Just as you do not respect a politician who flouts the law, you cannot respect a teacher who does not abide by what he preaches. Although you can cut some slack for other people, you hold a teacher to higher standards. Unconsciously everyone realises that the position of a teacher requires a dedicated soul, one that will be judged harshly... more so than other people, because a misstep would have repercussions a thousand times over. 1 person can lead so many people astray by wrong teachings or mistakes.
Undoubtedly, you do not begin Aikido by teaching. You start as a lowly 6th or 10th kyu student going through the process of understanding the philosophy, the principles, the techniques and technicalities, gaining strength and power as you practice more and more. You will do this forever until of course you reach a point where there's a barrier to your understanding. No matter how hard you go about in training, something prevents you from penetrating this barrier. Its not the normal plateau. Eventually you will realise that for you to actually assimilate all that has been imparted upon you from your teachers, sempais and peers, you have to give something back. Its your turn to be the sempai. To guide and teach your kohai. To spur your peers and to push the limits of your own sempai. From a student, you have now taken the step of a teacher. In doing so, you will begin to understand things that you did not understand before.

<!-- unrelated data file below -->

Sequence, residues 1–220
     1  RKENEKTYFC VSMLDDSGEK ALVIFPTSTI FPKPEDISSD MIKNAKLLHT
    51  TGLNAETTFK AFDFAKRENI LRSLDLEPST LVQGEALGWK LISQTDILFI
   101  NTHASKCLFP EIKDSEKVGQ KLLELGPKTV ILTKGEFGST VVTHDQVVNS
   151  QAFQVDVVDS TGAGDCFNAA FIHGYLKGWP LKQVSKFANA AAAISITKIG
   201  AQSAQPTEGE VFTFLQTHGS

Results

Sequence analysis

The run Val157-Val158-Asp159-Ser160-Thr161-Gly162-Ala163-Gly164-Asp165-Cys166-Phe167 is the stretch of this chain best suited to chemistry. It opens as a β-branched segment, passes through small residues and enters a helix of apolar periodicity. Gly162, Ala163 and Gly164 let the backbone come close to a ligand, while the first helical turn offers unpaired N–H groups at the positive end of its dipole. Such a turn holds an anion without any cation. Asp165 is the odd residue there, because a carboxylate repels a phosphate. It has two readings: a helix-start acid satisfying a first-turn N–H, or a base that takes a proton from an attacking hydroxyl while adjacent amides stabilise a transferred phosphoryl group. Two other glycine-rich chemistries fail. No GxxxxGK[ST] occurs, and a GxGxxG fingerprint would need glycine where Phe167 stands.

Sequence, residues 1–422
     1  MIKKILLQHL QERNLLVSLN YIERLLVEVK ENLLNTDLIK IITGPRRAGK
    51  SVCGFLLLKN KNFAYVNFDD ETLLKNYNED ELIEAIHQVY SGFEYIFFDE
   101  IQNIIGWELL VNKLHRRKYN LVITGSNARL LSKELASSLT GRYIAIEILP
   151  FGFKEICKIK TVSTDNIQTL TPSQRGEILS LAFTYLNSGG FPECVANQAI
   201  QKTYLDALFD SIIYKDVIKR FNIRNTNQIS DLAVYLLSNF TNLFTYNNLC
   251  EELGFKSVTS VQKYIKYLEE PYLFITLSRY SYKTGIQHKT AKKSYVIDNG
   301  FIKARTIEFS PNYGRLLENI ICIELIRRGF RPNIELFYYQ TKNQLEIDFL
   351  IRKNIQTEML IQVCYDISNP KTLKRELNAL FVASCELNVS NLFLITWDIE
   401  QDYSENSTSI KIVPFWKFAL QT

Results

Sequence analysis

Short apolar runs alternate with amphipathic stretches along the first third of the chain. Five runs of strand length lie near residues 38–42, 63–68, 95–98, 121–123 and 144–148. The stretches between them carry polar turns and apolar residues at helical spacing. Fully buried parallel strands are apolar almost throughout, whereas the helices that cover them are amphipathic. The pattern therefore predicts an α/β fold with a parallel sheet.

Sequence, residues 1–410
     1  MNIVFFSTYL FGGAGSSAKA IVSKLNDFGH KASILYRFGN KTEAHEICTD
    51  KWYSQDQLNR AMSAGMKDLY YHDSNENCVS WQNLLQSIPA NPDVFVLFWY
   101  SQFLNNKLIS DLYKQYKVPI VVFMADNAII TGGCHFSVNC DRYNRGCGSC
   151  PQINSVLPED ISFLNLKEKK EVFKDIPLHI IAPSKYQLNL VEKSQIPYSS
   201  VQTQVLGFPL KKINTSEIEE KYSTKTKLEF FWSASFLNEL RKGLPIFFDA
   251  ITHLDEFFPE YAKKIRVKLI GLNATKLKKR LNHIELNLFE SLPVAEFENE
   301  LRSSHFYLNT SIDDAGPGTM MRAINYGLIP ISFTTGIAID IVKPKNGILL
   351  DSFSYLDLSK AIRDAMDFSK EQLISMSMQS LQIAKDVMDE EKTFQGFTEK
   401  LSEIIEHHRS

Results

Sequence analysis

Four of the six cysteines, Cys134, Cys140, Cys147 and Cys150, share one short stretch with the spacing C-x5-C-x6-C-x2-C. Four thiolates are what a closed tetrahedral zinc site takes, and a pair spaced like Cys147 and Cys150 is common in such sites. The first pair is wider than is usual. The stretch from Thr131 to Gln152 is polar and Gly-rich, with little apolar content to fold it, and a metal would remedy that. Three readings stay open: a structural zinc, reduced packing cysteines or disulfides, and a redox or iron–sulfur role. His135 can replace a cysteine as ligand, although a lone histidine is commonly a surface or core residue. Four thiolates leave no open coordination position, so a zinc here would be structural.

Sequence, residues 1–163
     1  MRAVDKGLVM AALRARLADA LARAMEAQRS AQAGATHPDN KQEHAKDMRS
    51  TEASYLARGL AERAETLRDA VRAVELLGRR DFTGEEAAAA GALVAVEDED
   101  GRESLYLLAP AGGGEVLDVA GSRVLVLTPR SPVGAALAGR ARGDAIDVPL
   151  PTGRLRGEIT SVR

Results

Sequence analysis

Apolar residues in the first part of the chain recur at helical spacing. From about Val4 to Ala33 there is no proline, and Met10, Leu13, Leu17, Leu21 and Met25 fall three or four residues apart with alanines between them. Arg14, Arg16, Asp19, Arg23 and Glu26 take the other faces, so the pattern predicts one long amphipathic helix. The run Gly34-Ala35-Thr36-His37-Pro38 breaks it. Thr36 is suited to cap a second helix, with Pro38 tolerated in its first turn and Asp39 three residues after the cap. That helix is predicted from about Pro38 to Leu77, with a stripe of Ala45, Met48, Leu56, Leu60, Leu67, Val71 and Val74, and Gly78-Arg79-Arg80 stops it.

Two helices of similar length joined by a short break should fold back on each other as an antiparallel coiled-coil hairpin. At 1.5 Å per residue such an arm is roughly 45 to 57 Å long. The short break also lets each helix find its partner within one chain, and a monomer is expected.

Just like when you took that black belt. You may have felt undeserving of it, but now that its around your waist, there's this inevitability that you have to ensure you retain the right of wearing it. This is only possible through pouring more effort into training, making sure that you do not revert to a lackadaisical practice.
Call yourself a sensei, and you have to act the part. At first, it may start as an 'act', using memories of how your teacher appeared to you, you try to present yourself the same way to your students. Much later on, the act 'becomes' you, you have now assimilated the essence of being a sensei. Of course, there are good and bad senseis... your objective however is to be a good one, that goes without question.
So what does all this have to do with the title?
Patience of course is a virtue, and you are a patient reader to read this long rambling of mine. As a student we have to be patient. A grade 1 student that has no patience for his lessons may try to jump into a grade 5 lesson. But he becomes painfully aware that everything he reads is beyond his understanding. Even if he were to spend a year reading it, he would probably misunderstand most of what he's trying to learn. Yet, if he were to go through the basics and progress step by step, when he reaches grade 5, it becomes easier for him to achieve understanding. Thus, patience is needed when learning something. If you try to progress too fast, it sometimes backfires and causes us to lose time instead. Teaching requires patience too. Sometimes it is the teacher that is impatient, wanting his students to progress faster. Perhaps partly to prove that what he is teaching is correct, or partly because he wants to begin more advance techniques... but just like pruning a tree into a bonsai, if you prune too much the tree dies, pruning too slow and it becomes a normal tree. The key to patience is understanding.